Sadly, as easy as it is, creating multipage sites isn’t necessarily the best way to optimize a Flash application. That’s because one of the big reasons to use Flash is to easily create applications that run asynchronously—without multiple page loads. Waiting for a page load at every change in an application will make your application more similar to its HTML counterpart, which in some ways defeats the purpose of using Flash.

Note

For practice creating multipage Flash applications, see the exercises at the end of this chapter.

Understanding deep links

Deep links are the best practice for linking in Flash SEO, because they allow you to link to any state of an application and they allow asynchronous navigation. Deep linking works by using pseudo anchors, which work similar to named anchors in HTML. You may or may not be familiar with named anchors, so here’s a quick refresher—named anchors are what you use in HTML to navigate to a specific part of a page, and they don’t require a page reload. The idea of deep linking is the same. The most popular tool for deep linking is SWFAddress, which is JavaScript-based and uses special addresses to communicate to Flash.

Note

We’ll cover how to implement SWFAddress in Chapter 4, Using JavaScript with Flash for SEO.

Exercises

Now that you’re familiar with how to optimize applications in Flash, let’s complete some exercises to practice the different techniques.

Exercise 3-1: Optimizing a Flash Application

In this exercise, you’ll add static text, dynamic text, and metadata to a Flash application to optimize it for search engines.

Note

Because this file was created for Flash Player 7, the code used is ActionScript 2.0.

File: Optimizing.fla

  1. Open Optimizing.fla in the Chapter 3, Creating Optimized Content in Flash folder.

  2. Double click the INFO button at the bottom right of the Stage to enter the mcInfo timeline.

    Note

    This timeline contains two frames. Both show the descriptive text, but one is off the Stage. This is because to auto-embed dynamic text field content into your published HTML file, the content must appear on the first frame.

  1. Inside the mcInfo movie clip, move to frame 2 and note the descriptive text in the dynamic text field. This content will be embedded into your HTML file when you publish it.

  2. Select the first keyframe of the actions layer and open the Actions panel (Window→Actions).

  3. In the Actions panel, note the interactive code:

    stop();
    
    this.onRollOver = function():Void
    {
        gotoAndStop(2);
    }
    
    this.onRollOut = function():Void
    {
        gotoAndStop(1);
    }
    

    This code stops the playback of this movie clip, moves to frame 2 when the movie clip is rolled over, and moves back to frame 1 on rollout.

  4. Return to the main timeline by clicking Scene 1 at the top of your screen.

  5. On the main timeline, select the static text field, Target Time, at the top right of the Stage.

  6. Because this text field is not useful for SEO, convert the text to vector shapes by choosing Modify→Break Apart twice.

    Note

    You need to run Break Apart twice because the first time it converts the letters in the text to individual text blocks. The second time it converts the text blocks into shapes.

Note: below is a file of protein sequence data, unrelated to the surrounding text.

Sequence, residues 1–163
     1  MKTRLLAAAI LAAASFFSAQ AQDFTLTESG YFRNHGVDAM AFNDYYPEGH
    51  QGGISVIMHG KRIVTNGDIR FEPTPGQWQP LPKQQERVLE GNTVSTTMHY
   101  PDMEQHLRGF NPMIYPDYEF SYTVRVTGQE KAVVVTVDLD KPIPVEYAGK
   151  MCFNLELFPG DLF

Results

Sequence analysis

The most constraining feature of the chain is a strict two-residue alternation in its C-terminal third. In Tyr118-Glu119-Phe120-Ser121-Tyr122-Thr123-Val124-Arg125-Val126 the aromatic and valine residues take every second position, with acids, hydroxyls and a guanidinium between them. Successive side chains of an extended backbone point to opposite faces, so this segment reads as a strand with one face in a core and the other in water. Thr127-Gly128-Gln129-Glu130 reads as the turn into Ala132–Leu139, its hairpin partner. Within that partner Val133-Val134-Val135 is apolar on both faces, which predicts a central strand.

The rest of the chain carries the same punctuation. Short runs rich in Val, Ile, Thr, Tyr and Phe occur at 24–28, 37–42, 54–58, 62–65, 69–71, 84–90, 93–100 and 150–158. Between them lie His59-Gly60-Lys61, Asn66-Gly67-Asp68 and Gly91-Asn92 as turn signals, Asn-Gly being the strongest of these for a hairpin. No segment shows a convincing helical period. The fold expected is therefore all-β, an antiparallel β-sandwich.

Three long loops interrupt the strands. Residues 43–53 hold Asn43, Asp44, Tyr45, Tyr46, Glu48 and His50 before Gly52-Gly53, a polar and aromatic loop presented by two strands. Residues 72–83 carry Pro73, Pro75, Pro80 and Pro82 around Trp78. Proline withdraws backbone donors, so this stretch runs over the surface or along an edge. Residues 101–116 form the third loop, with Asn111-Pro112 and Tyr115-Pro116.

1. Choose File→Info to add XMP metadata to the file.

  2. In the metadata window, add some title and description information (see Figure 3.4, “Entering XMP metadata to the file”), and then click OK when you’re finished to accept the changes you’ve made.

Figure 3.4. Entering XMP metadata to the file

Entering XMP metadata to the file

  1. Choose File→Publish Settings to open the Publish Settings window.

  2. In the Publish Settings window, select the Flash tab and make sure the Include XMP Metadata checkbox is turned on.

  3. Click Publish to publish the HTML and SWF files and then close the Publish Settings window by clicking OK.

  4. Open the HTML file Flash just created for you in a web browser, and then choose View→Page Source to view the source code. In the source code, scroll to the bottom to view the descriptive text from Flash (see Figure 3.5, “Viewing the auto-embedded HTML description in the source code”).

Figure 3.5. Viewing the auto-embedded HTML description in the source code

Viewing the auto-embedded HTML description in the source code

Exercise 2: Optimizing ActionScript-Driven Text in a Flash Application

When you’re optimizing Flash applications, using HTML code can allow you to prioritize content, using links, headings, and other HTML tags. In this exercise, you’ll look at the entire workflow of bringing external HTML into Flash, and how to style the HTML code using CSS.

  1. First things first—you’ll need some HTML code to import. In the exercise files for this book, you’ll find html.txt in the folder for this chapter. Let’s take a look at the HTML code in that file.

    File: html.txt

    <h1><a href="wii-games/xylophone-master.html">Xylophone Master</a></h1>
    <p>Learn to master playing the xylophone and simultaneously boost 
    your memory!Listen to the computer play notes and simply play them back 
    by moving your mouse or Wii remote up and down over the keys.</p>
    
    <h1><a href="wii-games/meteor-blaster.html">Meteor Blaster</a></h1>
    <p>Shoot meteors with powerful laser cannons! Advance through levels 
    based on your score. Watch your energy meter! Those meteors are 
    relentless!</p>
    <h1><a href="wii-games/fun-run.html">Fun Run</a></h1>
    <p>Run a marathon as a giant man, completing up to 26.2 miles in